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Putnam County Bans Polystyrene In Its Government Facilities

Joefaust, Wikimedia Commons

A ban on plastic foam for government facilities in New York’s Putnam County takes effect in a few months. Environmentalists are applauding, but a trade association expresses disappointment.

The Putnam County Legislature has unanimously approved a ban on the use of polystyrene, or plastic foam, for all food service establishments serving county government facilities. Polystyrene is commonly referred to as Styrofoam, a trademarked brand. County Legislator Barbara Scuccimarra of Garrison chairs the Health, Social, Educational & Environmental Committee and spearheaded the resolution.

“It never goes away. A Styrofoam cup has a useful life of 10 minutes and it’s in our environment for hundreds of years,” says Scuccimarra. “So let’s wake up and start thinking about what we’re using every day that is detrimental to our environment.”

She says in putting together her resolution, which she worked on for a year, she turned to other counties and states, including New York City and Albany County, which enacted a polystyrene ban for certain restaurants in late 2013. Scuccimarra says she started taking a closer look at such a resolution after attending a program from the county’s Office of Senior Resources.

“And the amount of Styrofoam they were using is like, Styrofoam cups, Styrofoam trays, Styrofoam plates, Styrofoam bowls,” says Scuccimarra. “And then after the event was done they were all in the trash. It’s like, what are we doing here?”

She says other county facilities that are part of the ban include the jail and the Mahopac Golf Course. And she hopes to lead by example.

“Right now we’re limited to county facilities, but I’m making a plea to each municipality in Putnam to follow our lead and also ban this substance,” says Scuccimarra.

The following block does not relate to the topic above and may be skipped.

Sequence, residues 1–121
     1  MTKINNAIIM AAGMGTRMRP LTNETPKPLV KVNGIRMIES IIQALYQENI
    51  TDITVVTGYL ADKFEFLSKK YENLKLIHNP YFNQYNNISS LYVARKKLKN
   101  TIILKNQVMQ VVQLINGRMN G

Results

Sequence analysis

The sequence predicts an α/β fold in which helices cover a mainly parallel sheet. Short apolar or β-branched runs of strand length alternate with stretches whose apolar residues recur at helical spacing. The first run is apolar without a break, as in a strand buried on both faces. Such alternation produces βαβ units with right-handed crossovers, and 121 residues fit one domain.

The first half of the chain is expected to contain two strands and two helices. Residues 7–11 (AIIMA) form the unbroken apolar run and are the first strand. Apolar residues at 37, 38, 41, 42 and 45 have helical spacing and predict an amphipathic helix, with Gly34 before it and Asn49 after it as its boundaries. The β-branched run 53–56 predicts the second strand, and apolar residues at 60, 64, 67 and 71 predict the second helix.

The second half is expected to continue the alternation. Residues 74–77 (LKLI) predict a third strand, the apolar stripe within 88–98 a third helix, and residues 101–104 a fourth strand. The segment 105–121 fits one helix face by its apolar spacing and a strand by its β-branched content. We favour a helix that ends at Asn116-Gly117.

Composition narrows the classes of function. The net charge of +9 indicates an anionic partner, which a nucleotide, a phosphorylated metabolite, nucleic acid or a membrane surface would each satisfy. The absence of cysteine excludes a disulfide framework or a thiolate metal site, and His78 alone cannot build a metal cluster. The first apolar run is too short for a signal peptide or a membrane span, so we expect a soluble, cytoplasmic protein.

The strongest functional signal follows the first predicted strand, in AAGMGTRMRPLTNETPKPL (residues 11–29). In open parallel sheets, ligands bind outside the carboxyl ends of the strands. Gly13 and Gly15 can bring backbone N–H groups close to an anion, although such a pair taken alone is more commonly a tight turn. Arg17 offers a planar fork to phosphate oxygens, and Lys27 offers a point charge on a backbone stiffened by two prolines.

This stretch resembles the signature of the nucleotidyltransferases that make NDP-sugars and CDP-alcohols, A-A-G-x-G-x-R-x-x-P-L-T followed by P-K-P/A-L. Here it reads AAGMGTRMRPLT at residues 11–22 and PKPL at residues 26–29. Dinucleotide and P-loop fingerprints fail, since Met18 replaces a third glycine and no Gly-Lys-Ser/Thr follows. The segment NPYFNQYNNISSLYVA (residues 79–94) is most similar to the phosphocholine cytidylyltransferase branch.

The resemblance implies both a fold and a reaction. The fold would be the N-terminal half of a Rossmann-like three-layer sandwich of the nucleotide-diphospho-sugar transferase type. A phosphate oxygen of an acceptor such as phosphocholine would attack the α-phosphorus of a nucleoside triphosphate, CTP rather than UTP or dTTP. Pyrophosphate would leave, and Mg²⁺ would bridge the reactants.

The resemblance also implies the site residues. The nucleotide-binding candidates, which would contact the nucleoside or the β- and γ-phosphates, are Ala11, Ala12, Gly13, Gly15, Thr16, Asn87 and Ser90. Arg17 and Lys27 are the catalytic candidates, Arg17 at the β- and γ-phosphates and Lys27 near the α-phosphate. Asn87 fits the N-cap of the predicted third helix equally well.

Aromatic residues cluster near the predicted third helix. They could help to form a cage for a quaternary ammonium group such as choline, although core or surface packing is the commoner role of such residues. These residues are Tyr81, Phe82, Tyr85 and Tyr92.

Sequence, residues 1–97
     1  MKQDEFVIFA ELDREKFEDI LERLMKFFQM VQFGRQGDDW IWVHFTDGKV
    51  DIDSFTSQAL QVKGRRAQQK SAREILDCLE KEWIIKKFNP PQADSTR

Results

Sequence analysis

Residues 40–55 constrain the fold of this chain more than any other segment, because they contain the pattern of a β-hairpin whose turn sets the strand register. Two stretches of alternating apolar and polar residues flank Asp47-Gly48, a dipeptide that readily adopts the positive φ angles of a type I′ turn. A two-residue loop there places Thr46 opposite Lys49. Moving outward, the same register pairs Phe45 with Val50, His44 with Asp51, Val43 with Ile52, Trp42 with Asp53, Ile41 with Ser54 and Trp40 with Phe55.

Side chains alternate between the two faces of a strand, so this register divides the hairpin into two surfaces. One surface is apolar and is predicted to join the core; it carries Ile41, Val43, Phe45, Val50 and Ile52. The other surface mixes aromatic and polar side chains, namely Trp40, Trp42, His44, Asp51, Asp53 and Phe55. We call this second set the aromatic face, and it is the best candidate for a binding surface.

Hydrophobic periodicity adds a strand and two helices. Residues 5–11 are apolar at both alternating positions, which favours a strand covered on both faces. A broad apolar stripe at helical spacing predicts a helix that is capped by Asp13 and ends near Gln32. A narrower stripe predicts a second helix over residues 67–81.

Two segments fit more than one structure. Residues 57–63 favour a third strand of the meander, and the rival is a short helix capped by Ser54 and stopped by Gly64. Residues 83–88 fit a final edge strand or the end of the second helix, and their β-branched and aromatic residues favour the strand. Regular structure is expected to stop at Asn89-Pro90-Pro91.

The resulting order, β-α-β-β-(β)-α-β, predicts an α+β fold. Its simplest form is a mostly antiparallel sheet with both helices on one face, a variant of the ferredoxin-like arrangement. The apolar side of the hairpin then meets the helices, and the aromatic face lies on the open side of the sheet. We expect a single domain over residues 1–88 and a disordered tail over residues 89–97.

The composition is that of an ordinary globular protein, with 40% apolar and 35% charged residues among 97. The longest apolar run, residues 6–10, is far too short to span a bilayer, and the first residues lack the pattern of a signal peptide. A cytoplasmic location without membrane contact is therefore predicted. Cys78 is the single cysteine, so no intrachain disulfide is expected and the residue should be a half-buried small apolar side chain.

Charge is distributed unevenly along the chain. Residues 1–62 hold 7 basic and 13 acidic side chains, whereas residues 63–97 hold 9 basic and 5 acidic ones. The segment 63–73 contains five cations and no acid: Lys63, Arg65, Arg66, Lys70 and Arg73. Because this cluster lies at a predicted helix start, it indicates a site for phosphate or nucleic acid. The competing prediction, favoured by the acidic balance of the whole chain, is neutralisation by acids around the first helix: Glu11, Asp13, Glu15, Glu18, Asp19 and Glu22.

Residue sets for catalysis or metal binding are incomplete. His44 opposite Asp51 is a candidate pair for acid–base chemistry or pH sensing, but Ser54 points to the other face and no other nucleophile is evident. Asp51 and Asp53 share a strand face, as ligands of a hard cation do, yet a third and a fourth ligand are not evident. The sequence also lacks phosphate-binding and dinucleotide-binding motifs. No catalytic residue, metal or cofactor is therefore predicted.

Peter Iwanowicz is executive director of Environmental Advocates of New York.

“I think it’s another important step towards the pathway of getting rid of Styrofoam/foam altogether in New York State, the less the better. And Putnam County sort of putting a standard in place where government agencies under the county will be getting rid of it is a good step in the right direction,” says Iwanowicz. “We’ve seen other actions up and down the Hudson River Valley, in Albany and New York City, and other towns in Westchester that are moving in this direction. And it’s all good news for us.”

It’s not good news for the American Chemistry Council, which had sent a representative to a Putnam County legislature meeting to lobby against the ban. A spokesman for the council, in an emailed statement, says, “We are disappointed Putnam County will no longer use polystyrene foam foodservice products in county government facilities, even though the county has used polystyrene foam lunch trays and other products safely and economically for many years.”

Scuccimarra says there is a cost for replacing polystyrene products with paper, roughly $3,000.

“But when you look at what this substance does to our environment and to our health, what’s $3,000?” asks Scuccimarra.

Again, Iwanowicz.

“It takes up to 500 years for Styrofoam to break down. It causes huge problems with sewer systems and wastewater treatment plants. We’re already under tons of pressure to upgrade their systems and fix leaky pipes,” Iwanowicz says. “So removing Styrofoam from the environment is a good step in the right direction. We really applaud what Putnam County has done.”

The statement from the American Chemistry Council also says that polystyrene recycling is a success story, with 68 communities in California accepting polystyrene foodservice for recycling, and that more cities should follow suit, like Yonkers has.  The Putnam County ban goes into effect June 1. Meanwhile, Hastings-on-Hudson became the first Westchester municipality to ban polystyrene, effective January 1.

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